Analysis: 5 Major Economies Whose Leaders Refuse To Condemn Putin's Invasion Of Ukraine

Zinger Key Points
  • The leaders of five major economies have strayed from Biden’s lead by pointedly refusing to condemn Russian President Vladimir Putin.

In the wake of the Russian invasion of Ukraine, U.S. President Joe Biden said that “the United States and its Allies and partners will respond in a united and decisive way. The world will hold Russia accountable.”

However, that’s not entirely correct. While the U.S. and the European nations have voiced their outrage and mobilized sanctions against Russia, China was the largest economic powerhouse not among those finding fault with Russia — even going so far as to insist the Russian army didn’t invade Ukraine.

“You are using a typical Western media question method of using the word ‘invasion,’” said Hua Chunying, spokesperson at China’s foreign ministry, at a press briefing, adding that Beijing was calling “on all sides to exercise restraint to prevent the situation from getting out of control.”

The leaders of five major economies have strayed from Biden’s lead by pointedly refusing to condemn Russian President Vladimir Putin, preferring to maintain their respective economic relations with Russia rather than express outrage over the military invasion of Ukraine.

See Also: 6 ETFs To Watch As Russia-Ukraine Crisis Heats Up

Brazil’s Response: Brazilian President Jair Bolsonaro infuriated the Biden administration when he met with Putin in Moscow on Feb. 16.

“I told Putin that Brazil supports any country that seeks peace, and that’s his intention,” said Bolsonaro after the meeting.

According to a Reuters report, Bolsonaro was less interested in Ukraine and more interested in agriculture and energy assistance, particularly in small nuclear reactors made by Russian state-owned firm Rosatom. Putin responded by stating Rosatom was “ready to participate in construction of new power units in Brazil, including low-capacity nuclear power plants, both on land and in floating versions.”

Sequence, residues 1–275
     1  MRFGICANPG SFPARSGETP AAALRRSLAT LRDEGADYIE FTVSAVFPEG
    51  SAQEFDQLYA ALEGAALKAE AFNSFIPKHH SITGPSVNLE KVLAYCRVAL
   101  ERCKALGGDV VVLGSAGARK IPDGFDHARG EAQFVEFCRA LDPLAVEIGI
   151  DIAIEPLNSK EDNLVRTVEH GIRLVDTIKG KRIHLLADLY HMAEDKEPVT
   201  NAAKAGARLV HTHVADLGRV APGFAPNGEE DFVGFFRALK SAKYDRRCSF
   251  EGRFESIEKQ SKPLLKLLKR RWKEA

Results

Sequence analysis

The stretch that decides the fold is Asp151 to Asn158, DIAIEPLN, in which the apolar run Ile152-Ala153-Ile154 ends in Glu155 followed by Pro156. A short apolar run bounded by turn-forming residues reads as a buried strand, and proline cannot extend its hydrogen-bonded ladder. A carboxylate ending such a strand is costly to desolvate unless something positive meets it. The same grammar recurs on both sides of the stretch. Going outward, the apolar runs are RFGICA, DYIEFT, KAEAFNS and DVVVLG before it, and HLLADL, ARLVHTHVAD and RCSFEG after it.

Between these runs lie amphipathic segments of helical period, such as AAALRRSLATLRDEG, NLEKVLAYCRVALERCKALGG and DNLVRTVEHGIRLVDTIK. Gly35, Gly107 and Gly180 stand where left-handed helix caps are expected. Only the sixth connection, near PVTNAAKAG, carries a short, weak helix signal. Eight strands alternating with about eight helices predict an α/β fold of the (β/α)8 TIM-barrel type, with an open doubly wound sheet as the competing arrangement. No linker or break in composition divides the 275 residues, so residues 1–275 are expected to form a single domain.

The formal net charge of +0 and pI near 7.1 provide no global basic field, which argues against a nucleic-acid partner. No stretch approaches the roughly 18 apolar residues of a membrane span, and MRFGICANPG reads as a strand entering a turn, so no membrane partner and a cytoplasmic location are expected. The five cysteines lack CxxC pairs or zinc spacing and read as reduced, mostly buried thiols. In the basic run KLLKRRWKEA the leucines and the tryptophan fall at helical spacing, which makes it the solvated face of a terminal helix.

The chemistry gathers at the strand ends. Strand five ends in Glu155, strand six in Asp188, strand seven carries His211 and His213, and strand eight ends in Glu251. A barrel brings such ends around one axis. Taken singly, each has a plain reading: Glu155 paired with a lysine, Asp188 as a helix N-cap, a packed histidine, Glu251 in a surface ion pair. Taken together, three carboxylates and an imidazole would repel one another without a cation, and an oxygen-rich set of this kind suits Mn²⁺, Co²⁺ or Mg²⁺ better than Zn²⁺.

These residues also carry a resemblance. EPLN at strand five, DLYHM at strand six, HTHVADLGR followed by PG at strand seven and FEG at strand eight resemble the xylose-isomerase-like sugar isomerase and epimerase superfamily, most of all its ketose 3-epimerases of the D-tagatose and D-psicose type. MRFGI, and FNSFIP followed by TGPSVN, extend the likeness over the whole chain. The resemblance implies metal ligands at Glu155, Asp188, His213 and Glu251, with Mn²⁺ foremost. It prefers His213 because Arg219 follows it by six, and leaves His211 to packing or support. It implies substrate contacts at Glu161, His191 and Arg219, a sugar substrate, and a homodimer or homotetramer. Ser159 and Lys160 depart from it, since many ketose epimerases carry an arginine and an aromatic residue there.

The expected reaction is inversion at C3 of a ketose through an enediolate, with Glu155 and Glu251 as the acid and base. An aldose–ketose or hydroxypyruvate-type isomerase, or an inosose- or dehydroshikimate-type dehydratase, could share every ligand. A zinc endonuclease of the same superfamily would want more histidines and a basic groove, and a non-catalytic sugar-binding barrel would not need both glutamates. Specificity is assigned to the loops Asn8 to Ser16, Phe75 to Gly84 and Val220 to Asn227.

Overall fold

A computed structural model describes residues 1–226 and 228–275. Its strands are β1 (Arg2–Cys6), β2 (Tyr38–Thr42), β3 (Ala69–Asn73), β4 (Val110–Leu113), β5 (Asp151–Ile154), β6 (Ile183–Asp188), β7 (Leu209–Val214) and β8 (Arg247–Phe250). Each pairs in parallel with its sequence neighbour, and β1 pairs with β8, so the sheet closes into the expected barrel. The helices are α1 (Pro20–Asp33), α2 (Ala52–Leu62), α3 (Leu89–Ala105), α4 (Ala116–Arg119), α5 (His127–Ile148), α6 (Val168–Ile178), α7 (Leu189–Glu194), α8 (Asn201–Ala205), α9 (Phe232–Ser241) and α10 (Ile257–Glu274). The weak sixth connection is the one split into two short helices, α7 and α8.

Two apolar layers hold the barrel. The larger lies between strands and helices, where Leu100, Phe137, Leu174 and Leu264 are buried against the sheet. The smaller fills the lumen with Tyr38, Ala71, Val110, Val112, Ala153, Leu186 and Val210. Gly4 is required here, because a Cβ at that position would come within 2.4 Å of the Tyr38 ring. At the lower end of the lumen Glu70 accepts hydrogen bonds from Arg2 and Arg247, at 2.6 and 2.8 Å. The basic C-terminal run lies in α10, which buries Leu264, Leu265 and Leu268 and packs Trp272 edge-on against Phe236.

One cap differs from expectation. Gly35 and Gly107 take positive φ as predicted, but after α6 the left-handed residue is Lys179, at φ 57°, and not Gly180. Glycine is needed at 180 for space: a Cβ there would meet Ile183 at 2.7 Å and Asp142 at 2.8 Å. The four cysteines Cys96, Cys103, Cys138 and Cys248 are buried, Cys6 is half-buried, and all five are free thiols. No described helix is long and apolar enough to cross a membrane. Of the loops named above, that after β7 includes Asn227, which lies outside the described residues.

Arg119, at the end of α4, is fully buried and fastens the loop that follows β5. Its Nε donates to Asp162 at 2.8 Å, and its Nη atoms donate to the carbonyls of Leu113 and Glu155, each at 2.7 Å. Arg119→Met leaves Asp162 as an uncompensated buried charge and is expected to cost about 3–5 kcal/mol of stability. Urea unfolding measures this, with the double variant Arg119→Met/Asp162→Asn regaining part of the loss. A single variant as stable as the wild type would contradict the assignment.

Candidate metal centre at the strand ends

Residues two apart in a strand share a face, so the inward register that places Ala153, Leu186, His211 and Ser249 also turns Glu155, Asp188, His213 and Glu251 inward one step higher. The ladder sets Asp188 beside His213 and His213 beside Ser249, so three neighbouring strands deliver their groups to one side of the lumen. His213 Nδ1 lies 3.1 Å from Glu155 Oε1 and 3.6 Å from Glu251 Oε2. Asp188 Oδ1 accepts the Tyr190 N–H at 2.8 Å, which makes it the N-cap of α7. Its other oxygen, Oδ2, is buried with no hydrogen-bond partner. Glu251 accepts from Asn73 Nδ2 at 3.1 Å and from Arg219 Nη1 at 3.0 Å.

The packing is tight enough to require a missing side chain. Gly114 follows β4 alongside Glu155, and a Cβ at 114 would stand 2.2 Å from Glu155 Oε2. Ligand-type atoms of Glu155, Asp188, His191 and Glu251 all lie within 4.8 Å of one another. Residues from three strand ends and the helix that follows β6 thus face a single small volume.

Brazil was part of Monday’s United Nations Security Council meeting on the Russian-Ukrainian issue, but its ambassador didn't mention Russia by name and didn't condemn the country’s antagonism towards its smaller neighbor.

India’s Response: India was also part of the Security Council meeting and its ambassador echoed the Brazilian approach by not mentioning Russia by name nor criticizing its actions. Roman Babushkin, the Russian chargé d’affaires in New Delhi, praised India for its “independent and balanced” consideration of the matter.

Last December, India and Russia signed a 10-year agreement covering defense and expanded economic cooperation. The agreement included goals of $30 billion in trade and $50 billion in investment by 2025.

Indian Prime Minister Narendra Modi has barely acknowledged the Russian-Ukrainian conflict. According to Nikkei Asia, his first (and, to date, only) comment occurred on Tuesday when he remarked, "The world is witnessing a [period of] turmoil currently and India needs to be stronger not only for itself but for the whole [of] humanity during such times."

Indonesia’s Response: The Indonesian government called for a renewed effort to secure a diplomatic solution but stopped short of sanctions on Russia.

Channel News Asia Asia reported Ministry of Foreign Affairs spokesman Teuku Faizasyah stated the government “condemns every act which is a clear violation of territorial integrity and sovereignty of a country” and “urges all sides to prioritize negotiation and diplomacy to stop conflict and put forward peaceful resolution.”